The first 100 days of the new U.S. administration has been marked by uncertainty and ambiguity—and while foreign real estate investors are concerned, they still believe the United States is a good place to invest. But panelists speaking at the ULI Spring Meeting in Seattle said they are optimistic about reforms to FIRPTA and other taxes, plus the potential for investment in infrastructure.

“We’re watching an administration that is new to overseeing a vast bureaucracy and new to focusing on a multitudinous enterprise as opposed to focusing on just one business—real estate,” Mary Ludgin, managing director and global head of investment research at real estate management firm Heitman in Chicago, said during “The First 100 Days:  Real Estate and Public Investment Implications” panel at ULI’s 2017 Spring Meeting in Seattle.

Ludgin, who moderated the event, asked panel members what they were expecting following the election of Trump and what they believe they got.

Joanna Mulford, managing director at PGIM Real Estate, the global investment management business of Prudential Financial Inc. in Madison, New Jersey, said that the uncertainty of the Trump administration’s first 100 days continues, making investing more difficult.

“We hope to have more certainty within the next hundred days,” she added, “and a little more clarity on how policies will be implemented by the Trump administration. Clearly, tax reform has the biggest impact on our sector, but the policies will not impact all sectors the same way. It’s May 2017 and it doesn’t feel like there is much of a change from last year, when transaction activity was low.”

Mulford said that the first four months of this year have been a continuation of uncertainty that began in 2016. “Last year saw stock market volatility and Brexit,” she continued. “Real estate investors took a pause and there was more concern that cap rates would start rising. Investors are waiting to see what happens, and that’s being reflected in the marketplace.”

Despite the uncertainty of the first 100 days of the new administration, the United States remains a prime spot for investment, according to James A. Fetgatter, chief executive at the Association of Foreign Investors in Real Estate (AFIRE), based in Washington, D.C. He noted that his organization conducted a survey prior to the November 2016 election that found that 80 percent of the members who responded held a negative view of the U.S. presidential election.

“We haven’t taken another survey, but I think foreign investors are still positive about the U.S.,” Fetgatter said. “I think we are still on track for the first quarter of this year. Our members are still investing.”

The United States is a huge, diversified market and it is the first stop for investors, Fetgatter continued. Investors look at America favorably, he said. “It’s a safe place. But people also like Germany, and some investors are going into London because they are thinking there might be some good bargains there.”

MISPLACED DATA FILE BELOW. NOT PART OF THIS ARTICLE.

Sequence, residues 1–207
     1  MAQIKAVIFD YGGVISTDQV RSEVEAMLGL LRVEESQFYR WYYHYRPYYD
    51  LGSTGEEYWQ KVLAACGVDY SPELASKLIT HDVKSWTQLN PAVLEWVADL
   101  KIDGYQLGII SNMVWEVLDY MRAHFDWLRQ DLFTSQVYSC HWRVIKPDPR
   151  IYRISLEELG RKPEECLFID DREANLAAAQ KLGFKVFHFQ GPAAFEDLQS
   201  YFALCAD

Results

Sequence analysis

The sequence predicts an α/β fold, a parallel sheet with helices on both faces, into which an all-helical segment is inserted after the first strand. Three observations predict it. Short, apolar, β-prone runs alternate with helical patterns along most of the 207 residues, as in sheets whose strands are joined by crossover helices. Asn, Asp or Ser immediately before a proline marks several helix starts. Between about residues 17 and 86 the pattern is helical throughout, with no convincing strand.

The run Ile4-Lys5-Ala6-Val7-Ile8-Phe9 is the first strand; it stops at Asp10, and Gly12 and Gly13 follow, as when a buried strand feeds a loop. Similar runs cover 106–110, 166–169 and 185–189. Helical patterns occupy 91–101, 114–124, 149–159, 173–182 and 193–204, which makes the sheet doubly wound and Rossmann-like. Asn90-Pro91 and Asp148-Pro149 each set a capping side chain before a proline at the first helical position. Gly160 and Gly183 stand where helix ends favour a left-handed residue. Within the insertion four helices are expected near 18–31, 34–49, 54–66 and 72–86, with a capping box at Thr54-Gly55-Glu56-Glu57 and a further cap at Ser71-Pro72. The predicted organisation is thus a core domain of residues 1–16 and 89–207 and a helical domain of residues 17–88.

The political uncertainty and low yields in the United States are not scaring away investors, he added. “It’s like putting money in safe-deposit box,” he explained. “It’s an incredibly low yield, but people are confident the money will be there when they need it and it throws off a little interest.”

Mulford added that PGIM Real Estate opened its core fund to non-U.S. investors in 2013. “We are seeing strong interest from non-U.S. investors, which has continued post-election,” she added.

Climate change remains a concern among investors, the panelists added. “We talk about it and we are concerned about it, but it doesn’t seem to be a top priority for this administration,” Mulford said. “We’re hoping to see more focus on it because it’s a long-term problem.”

Members of AFIRE are aware of global warming concerns, Fetgatter said. “The majority of the Europeans are ahead of us on this,” he added. “Our members are astute; they invest only in LEED [Leadership in Energy and Environmental Design] buildings.”

Investors from outside the United States are very interested in seeing the repeal of the Foreign Investment in Real Property Tax Act (FIRPTA) of 1980, which taxes the disposition of a U.S. real property interest by a foreign person.

“FIRPTA puts us at a disadvantage with other countries,” Fetgatter said. “The general feeling is that it is an antiquated law. The move for repeal has gotten some good tailwinds going and it probably helps that we have a real estate guy in the White House.”

There has been speculation about a $1 trillion program to improve the nation’s infrastructure, said Brian McCartan, executive director of finance and information technology at the Central Puget Sound Regional Transit Authority—commonly called SoundTransit—adding that “interesting” supply-and-demand currents have emerged since the election.

“On one side, there is broad bipartisan consensus for unmet demand for roads, transit, bridges,” said McCartan, “and there is recognition that this is a trillion-dollar problem. There were 450 local ballot initiatives in the November election related to infrastructure totaling more than $200 billion; 70 percent of those initiatives passed. A majority of the public supports more public transportation investment.”

Mike Sheridan is a freelance writer in Richmond, Virginia.